When it comes to welfare, Paul Ryan’s budget takes some steps in the right direction. It has a work requirement, which is absolutely crucial to welfare reform. However, it fails to address the massive welfare system as a whole, a critical aspect to getting welfare spending back on track.
Ryan’s budget would eliminate waivers in the food stamp program that have made it possible for nearly all states to get around the program’s modest work requirement for able-bodied adults without dependents. Additionally, it “would also envision improving work incentives by requiring a certain amount of people to engage in work activity, such as job search, community-service activities, and education and job training.” Ryan would also eliminate the Obama Administration’s unlawful work waivers for the Temporary Assistance for Needy Families (TANF) program.
A serious welfare reform plan would make it mandatory for states to require able-bodied food stamp recipients to work, prepare for work, or look for work in exchange for receiving assistance. Because the vast majority—roughly 95 percent—of food stamp funding comes from the federal government, states are not generally motivated to do anything with the program beyond distributing funding, and they actually often seek to pull more people into the program.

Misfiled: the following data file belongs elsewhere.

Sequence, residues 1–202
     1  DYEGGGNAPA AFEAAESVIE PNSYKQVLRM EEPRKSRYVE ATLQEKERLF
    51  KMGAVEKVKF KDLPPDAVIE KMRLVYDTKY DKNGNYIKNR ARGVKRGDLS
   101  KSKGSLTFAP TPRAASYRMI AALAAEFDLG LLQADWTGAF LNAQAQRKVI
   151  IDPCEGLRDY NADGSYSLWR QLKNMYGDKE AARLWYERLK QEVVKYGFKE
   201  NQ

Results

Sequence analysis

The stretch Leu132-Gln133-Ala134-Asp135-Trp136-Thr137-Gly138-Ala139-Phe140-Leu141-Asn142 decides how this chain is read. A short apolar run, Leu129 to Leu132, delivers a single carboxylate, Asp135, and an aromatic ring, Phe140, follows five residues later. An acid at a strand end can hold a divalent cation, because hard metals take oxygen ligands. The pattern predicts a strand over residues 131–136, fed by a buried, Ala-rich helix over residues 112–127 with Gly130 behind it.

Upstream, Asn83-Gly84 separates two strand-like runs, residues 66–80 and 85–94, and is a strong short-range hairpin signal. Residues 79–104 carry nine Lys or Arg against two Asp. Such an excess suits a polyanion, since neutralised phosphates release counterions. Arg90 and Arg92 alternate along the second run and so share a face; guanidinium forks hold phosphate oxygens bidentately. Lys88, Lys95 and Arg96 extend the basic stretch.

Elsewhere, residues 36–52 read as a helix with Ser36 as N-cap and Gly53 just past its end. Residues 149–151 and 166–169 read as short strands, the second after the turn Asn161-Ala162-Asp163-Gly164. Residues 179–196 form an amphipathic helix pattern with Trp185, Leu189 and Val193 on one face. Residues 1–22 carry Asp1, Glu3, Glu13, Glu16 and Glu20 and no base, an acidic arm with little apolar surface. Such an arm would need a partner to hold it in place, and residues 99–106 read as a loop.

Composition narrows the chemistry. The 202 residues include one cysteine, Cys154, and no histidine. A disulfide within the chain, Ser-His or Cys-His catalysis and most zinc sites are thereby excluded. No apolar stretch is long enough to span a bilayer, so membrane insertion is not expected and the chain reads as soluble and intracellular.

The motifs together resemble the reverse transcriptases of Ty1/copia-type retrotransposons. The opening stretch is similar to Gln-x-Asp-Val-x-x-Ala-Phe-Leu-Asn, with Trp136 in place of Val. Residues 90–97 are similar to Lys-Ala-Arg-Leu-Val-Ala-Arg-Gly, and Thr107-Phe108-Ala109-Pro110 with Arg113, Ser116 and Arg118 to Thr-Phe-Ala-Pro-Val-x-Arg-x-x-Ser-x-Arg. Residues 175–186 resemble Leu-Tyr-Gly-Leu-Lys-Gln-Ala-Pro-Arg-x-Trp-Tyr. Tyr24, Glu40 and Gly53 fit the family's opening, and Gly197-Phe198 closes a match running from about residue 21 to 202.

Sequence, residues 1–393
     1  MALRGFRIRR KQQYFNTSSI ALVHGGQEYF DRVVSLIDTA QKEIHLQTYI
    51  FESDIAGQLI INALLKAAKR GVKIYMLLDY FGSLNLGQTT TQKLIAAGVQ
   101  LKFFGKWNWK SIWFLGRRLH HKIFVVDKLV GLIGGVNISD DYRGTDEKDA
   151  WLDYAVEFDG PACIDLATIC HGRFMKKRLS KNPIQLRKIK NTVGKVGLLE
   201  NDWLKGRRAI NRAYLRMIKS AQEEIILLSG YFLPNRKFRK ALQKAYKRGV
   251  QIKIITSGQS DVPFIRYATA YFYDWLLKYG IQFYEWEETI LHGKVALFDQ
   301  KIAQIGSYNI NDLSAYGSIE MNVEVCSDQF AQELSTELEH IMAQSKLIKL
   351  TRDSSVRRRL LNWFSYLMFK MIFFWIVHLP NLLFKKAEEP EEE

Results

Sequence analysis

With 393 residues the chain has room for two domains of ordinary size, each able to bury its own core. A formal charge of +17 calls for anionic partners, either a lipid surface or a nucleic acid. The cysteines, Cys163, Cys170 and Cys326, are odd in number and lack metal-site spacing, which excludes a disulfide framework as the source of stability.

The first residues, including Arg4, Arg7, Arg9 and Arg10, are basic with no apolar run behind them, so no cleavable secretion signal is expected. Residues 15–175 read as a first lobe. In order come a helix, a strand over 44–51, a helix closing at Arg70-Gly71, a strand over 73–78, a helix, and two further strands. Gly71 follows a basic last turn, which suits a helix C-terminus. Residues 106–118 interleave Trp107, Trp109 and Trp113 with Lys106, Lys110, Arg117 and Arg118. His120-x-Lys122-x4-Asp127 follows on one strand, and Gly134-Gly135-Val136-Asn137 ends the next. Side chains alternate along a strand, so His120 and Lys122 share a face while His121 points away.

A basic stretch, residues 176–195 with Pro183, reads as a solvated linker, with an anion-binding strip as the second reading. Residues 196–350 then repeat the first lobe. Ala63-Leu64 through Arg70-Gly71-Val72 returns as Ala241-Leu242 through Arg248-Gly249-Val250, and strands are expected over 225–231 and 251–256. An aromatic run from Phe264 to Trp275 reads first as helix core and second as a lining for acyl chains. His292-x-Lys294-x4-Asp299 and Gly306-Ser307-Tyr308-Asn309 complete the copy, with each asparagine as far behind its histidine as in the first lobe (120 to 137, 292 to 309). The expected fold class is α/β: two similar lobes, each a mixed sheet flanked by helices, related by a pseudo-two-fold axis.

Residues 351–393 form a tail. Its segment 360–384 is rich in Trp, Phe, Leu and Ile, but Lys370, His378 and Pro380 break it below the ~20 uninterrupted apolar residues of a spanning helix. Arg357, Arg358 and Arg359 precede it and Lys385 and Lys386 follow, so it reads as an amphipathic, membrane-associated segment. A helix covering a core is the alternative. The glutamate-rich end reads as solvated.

Beyond eliminating the TANF work waivers, as Ryan does, TANF’s work requirements should be strengthened. They have been severely undermined over the years, even prior to the Obama Administration’s final blow of waivers.
Additionally, the annual budget process should clearly track the massive size and scope of the whole welfare state. The government welfare system consists of roughly 80 federally funded means-tested welfare programs that cost over $900 billion annually at all levels of government. Over the next 10 years, federal welfare spending will cost taxpayers roughly $14 trillion.
Ryan is in the unique position to report on welfare spending in the aggregate. Welfare programs are spread over multiple government agencies. In order to control future welfare spending, the budget should clearly articulate the massive size of the welfare system.
Policymakers should establish an aggregate cap on welfare spending, adjusting for inflation going forward. This would require policymakers to view the welfare state as a whole when creating policy and to prioritize welfare spending.